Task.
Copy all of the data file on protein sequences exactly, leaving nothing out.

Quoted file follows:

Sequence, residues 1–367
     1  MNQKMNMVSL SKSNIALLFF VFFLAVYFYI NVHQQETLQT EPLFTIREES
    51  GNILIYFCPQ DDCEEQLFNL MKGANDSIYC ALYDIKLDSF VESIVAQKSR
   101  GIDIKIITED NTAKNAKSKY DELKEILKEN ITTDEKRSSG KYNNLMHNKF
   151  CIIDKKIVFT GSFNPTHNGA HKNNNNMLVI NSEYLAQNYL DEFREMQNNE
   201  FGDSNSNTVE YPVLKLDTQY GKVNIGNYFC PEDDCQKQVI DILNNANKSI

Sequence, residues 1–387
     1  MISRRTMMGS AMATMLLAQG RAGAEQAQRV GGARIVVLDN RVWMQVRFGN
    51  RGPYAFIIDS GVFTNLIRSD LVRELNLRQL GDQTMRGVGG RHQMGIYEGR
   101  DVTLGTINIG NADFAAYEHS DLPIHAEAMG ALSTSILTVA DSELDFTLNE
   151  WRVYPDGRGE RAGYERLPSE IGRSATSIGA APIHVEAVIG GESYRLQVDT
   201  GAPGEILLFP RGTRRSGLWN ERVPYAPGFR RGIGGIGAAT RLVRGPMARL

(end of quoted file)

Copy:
Sequence, residues 1–367
     1  MNQKMNMVSL SKSNIALLFF VFFLAVYFYI NVHQQETLQT EPLFTIREES
    51  GNILIYFCPQ DDCEEQLFNL MKGANDSIYC ALYDIKLDSF VESIVAQKSR
   101  GIDIKIITED NTAKNAKSKY DELKEILKEN ITTDEKRSSG KYNNLMHNKF
   151  CIIDKKIVFT GSFNPTHNGA HKNNNNMLVI NSEYLAQNYL DEFREMQNNE
   201  FGDSNSNTVE YPVLKLDTQY GKVNIGNYFC PEDDCQKQVI DILNNANKSI

Sequence, residues 1–387
     1  MISRRTMMGS AMATMLLAQG RAGAEQAQRV GGARIVVLDN RVWMQVRFGN
    51  RGPYAFIIDS GVFTNLIRSD LVRELNLRQL GDQTMRGVGG RHQMGIYEGR
   101  DVTLGTINIG NADFAAYEHS DLPIHAEAMG ALSTSILTVA DSELDFTLNE
   151  WRVYPDGRGE RAGYERLPSE IGRSATSIGA APIHVEAVIG GESYRLQVDT
   201  GAPGEILLFP RGTRRSGLWN ERVPYAPGFR RGIGGIGAAT RLVRGPMARL